Note: The post refers to money spent on assistant coaches; however, due to a quirk in the USA Today database, figures are actually total spending on coaches, including the head coach, for 2011. Thanks to reader Deshaun for catching this. Once the USA Today database is updated to reflect 2012 assistant salaries, I'll do another analysis. ~Andy
Earlier, we took a look at the role of money in coaching and running a winning college football program. While a cursory look (no regression analysis as of yet) at what it takes to win 8 or more games per season, we observed that in the Big Ten and Southeastern Conferences this year, schools who paid their coaches at least $2 million were more likely to win at least 8 games.
Given the perception that the SEC is a "superior" conference, we also noted that schools in the media-beloved conference spent on average $500k per year more on their chief play caller than the average school in the Big Ten ($2.75 million versus $2.27 million). Commenters astutely noted, however, that an even greater disparity exists between the two leagues and how schools pay their assistant coaches and coordinators.
Again using data from USA Today's coaching salary database, I analyzed the money spent in each league on assistant coaching staffs, and present the numbers below for your further consideration. Note that the data available as of 5 p.m. EST on Dec. 5 is for the 2011 football season, so figures for schools including Ohio State will be vastly different. The tables below, accordingly, reflect each school's record and head coach as of the 2011 season. An additional analysis will need to be conducted following the release of salary data for 2012 (perhaps then I'll have time to do the regression analysis).
First, the Big Ten:
|Team||Head Coach||Tenure of HC||$$ AsSt Coaches||2011 Record|
|Ohio state||Luke Fickell||1||$3,725,550||6-7|
|Mich St||Mark Dantonio||5||$3,597,050||11-3|
|Penn State||Joe Paterno||45||$1,022,794||9-4|
First off, note what an outlier Penn State turned out to be - Paterno's longevity, his own well-documented low salary (compared to other and especially to less-successful head coaches), and the extremely small budget he had for assistants, and it's a wonder he accomplished what he did in the last decade of his career (spare us further recapitulation of the evils of Penn State and its former coaches, please).
Secondly, look at the schools who seriously under performed their spending: Ohio State, for obvious reasons; Iowa, Minnesota and Indiana, though you can lay the last two at the feet of new coaches in rebuilding programs. Meanwhile, Michigan State and Purdue may have actually outperformed their spending.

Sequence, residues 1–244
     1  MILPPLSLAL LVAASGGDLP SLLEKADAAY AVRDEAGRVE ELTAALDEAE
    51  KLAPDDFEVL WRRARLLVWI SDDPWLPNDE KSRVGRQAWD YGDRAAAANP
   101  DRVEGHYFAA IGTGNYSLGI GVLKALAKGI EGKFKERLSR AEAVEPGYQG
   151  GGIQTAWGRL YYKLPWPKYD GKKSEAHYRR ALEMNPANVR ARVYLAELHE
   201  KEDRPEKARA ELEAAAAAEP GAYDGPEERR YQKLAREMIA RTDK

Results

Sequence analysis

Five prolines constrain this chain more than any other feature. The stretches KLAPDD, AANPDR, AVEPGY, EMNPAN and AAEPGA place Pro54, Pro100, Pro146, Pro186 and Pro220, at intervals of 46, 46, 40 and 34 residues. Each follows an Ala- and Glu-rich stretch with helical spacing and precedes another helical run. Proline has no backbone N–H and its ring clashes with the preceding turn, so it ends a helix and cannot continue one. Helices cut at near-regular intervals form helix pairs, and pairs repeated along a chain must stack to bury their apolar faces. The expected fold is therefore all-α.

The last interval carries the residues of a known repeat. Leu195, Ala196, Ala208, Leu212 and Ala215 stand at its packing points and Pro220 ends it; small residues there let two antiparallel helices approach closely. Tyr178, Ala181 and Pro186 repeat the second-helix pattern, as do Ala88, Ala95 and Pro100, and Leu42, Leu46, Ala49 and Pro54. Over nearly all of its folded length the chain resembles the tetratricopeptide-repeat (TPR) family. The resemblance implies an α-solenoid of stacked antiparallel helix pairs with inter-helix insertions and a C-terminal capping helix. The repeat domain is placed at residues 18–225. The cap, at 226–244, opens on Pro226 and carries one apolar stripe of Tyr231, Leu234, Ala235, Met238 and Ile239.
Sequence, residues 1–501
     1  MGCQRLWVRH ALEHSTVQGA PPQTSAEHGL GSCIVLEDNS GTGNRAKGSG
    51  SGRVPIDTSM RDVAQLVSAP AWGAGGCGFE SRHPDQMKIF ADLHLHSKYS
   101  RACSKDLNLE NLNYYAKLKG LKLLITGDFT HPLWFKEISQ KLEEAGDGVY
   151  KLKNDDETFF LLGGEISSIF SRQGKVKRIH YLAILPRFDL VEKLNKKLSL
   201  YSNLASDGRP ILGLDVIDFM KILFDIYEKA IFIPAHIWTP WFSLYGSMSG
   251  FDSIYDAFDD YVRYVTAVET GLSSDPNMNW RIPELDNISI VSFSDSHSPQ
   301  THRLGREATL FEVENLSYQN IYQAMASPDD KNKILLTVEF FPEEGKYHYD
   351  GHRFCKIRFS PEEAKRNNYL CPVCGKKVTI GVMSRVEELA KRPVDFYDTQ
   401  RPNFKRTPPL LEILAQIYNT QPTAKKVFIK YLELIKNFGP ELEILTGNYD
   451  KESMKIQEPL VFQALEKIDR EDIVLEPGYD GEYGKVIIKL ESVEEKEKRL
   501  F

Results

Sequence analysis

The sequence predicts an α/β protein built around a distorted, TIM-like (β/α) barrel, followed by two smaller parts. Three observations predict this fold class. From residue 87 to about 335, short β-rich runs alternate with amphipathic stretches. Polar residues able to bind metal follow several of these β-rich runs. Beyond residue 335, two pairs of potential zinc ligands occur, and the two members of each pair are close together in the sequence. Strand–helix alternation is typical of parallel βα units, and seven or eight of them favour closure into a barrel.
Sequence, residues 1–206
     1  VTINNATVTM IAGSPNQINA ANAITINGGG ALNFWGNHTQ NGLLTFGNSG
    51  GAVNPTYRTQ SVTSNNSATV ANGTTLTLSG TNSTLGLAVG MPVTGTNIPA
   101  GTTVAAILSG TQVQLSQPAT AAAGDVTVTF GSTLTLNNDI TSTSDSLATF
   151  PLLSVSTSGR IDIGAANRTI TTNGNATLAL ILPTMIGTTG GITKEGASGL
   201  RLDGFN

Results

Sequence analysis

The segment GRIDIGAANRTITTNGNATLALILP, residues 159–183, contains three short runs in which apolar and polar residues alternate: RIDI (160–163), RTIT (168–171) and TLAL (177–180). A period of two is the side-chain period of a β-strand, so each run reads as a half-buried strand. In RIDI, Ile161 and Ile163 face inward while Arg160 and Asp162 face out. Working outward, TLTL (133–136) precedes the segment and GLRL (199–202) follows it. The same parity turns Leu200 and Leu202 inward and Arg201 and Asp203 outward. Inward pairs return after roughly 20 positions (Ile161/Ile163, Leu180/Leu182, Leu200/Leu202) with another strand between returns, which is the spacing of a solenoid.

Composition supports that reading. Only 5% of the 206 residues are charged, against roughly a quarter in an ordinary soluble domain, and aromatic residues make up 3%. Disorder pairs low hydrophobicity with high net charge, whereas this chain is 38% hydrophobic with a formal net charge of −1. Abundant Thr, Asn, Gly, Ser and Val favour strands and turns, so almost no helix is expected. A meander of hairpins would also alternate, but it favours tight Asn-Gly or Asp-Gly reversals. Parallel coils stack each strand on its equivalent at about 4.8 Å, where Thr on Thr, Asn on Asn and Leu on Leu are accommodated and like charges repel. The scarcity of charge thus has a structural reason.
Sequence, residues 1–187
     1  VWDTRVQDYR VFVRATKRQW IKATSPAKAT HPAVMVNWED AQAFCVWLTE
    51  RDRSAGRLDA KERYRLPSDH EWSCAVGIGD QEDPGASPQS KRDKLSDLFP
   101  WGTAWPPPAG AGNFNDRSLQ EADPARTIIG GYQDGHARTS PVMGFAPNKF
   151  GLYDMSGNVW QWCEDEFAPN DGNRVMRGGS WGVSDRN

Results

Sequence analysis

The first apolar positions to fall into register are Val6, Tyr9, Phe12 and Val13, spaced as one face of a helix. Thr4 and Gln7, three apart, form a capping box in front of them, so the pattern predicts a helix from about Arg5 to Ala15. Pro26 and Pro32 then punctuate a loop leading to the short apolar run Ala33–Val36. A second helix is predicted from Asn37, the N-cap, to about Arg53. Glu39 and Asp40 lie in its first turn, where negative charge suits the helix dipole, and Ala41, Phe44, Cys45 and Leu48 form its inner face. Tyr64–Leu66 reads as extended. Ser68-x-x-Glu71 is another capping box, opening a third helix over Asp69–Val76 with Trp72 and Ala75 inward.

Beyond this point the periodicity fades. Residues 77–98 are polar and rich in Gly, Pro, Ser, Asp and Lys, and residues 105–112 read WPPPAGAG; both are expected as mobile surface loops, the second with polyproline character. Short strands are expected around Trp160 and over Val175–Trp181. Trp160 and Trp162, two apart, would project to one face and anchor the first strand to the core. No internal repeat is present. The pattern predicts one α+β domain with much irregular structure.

Let's compare with the SEC:
|team||head coach||tenure of HC||$$ AssT Coaches||2011 record|
|Ole Miss||Houston Nutt||4||$5,232,404||2-10|
|s. carolina||Steve Spurrier||7||$5,217,060||11-2|
|miss st||Dan Mullen||3||$4,490,000||7-6|
|Texas A&M||Mike Sherman||3||$4,048,499||7-6|
Vanderbilt, as a private institution, does not release figures for its coaching budget.
Obviously the SEC outspends the Big Ten on coaching staffing, and at a much more significant difference than at the head coach level. On average, the Big Ten schools spend $3,629,196 on their assistant coaches, while the average SEC school spends $5,780,307, a 59% advantage over our home conference. Think of the difference that additional $2.15 million makes in a program... almost mind boggling, yes?
Now, take into account the combined coaching expenditures of the top-spending program in both leagues: In the SEC, Alabama is clearly the Scrooge McDuck of the conference, spending roughly $14 million on Nick Saban and his staff! By comparison, big-spending Iowa pumps out roughly $9.62 million on its cadre of coaches and Michigan spent some $8.86 million on Hoke & Co.
In 2011 the SEC Champion LSU Tigers spent an estimated $11.5 million on its play callers, while the Big Ten Champion Wisconsin Badgers spent almost $7.2 million on its coaching staff, a difference of $4.3 million - or almost enough to buy the entire Northwestern Wildcat coaching corps twice. (Still think Bert's dash to Arkansas wasn't all about the Benjamins? I've got 9.5 million reasons to think it was...)
Looking at what spending on assistants it took to get to 8 wins, in the SEC the breaking point appears to be $5 million - only one team (Mizzou, who wasn't actually playing in the SEC at the time) won 8 games spending less. Only three schools spending more than $5 million failed to win 8 games: Florida won 7 under first-year coach Will Muschamp, Ole Miss fired Houston Nutt after the 2011 season, and Tennessee fired Derek Dooley in 2012.
The Big Ten last season was a hot mess because of the number of first-year play callers - one third of the coaches in the conference were in their inaugural season. Even so, $3.5 million seems to be the cutoff for 8 wins - only Penn State won 8+ with less spending. Three teams, on the other hand, spent more than $3.5 and failed to win 8 games, including our own Ohio State; Iowa and Illinois were the other two, and Ron Zook was dismissed following the 2011 season, while Kirk Ferentz was probably given a raise and a contract extension.
I'll go back after USA Today updates its database with the 2012 assistant coaching salaries and we can compare the total expenditures for the same season's performance, but from the 2011 figures we can see the differences between the two conferences are much more significant at the assistant level than at the head coaching level, and those differences were in and of themselves statistically significant.
While some will bemoan the college football coaching "arms race," the bottom line is that the Southeastern Conference has set the bar very high, and if Jim Delaney's plan for ruling the known universe is to come to fruition, at some point the schools in his conference are going to have to spend some more of their piles of Big Ten Network money.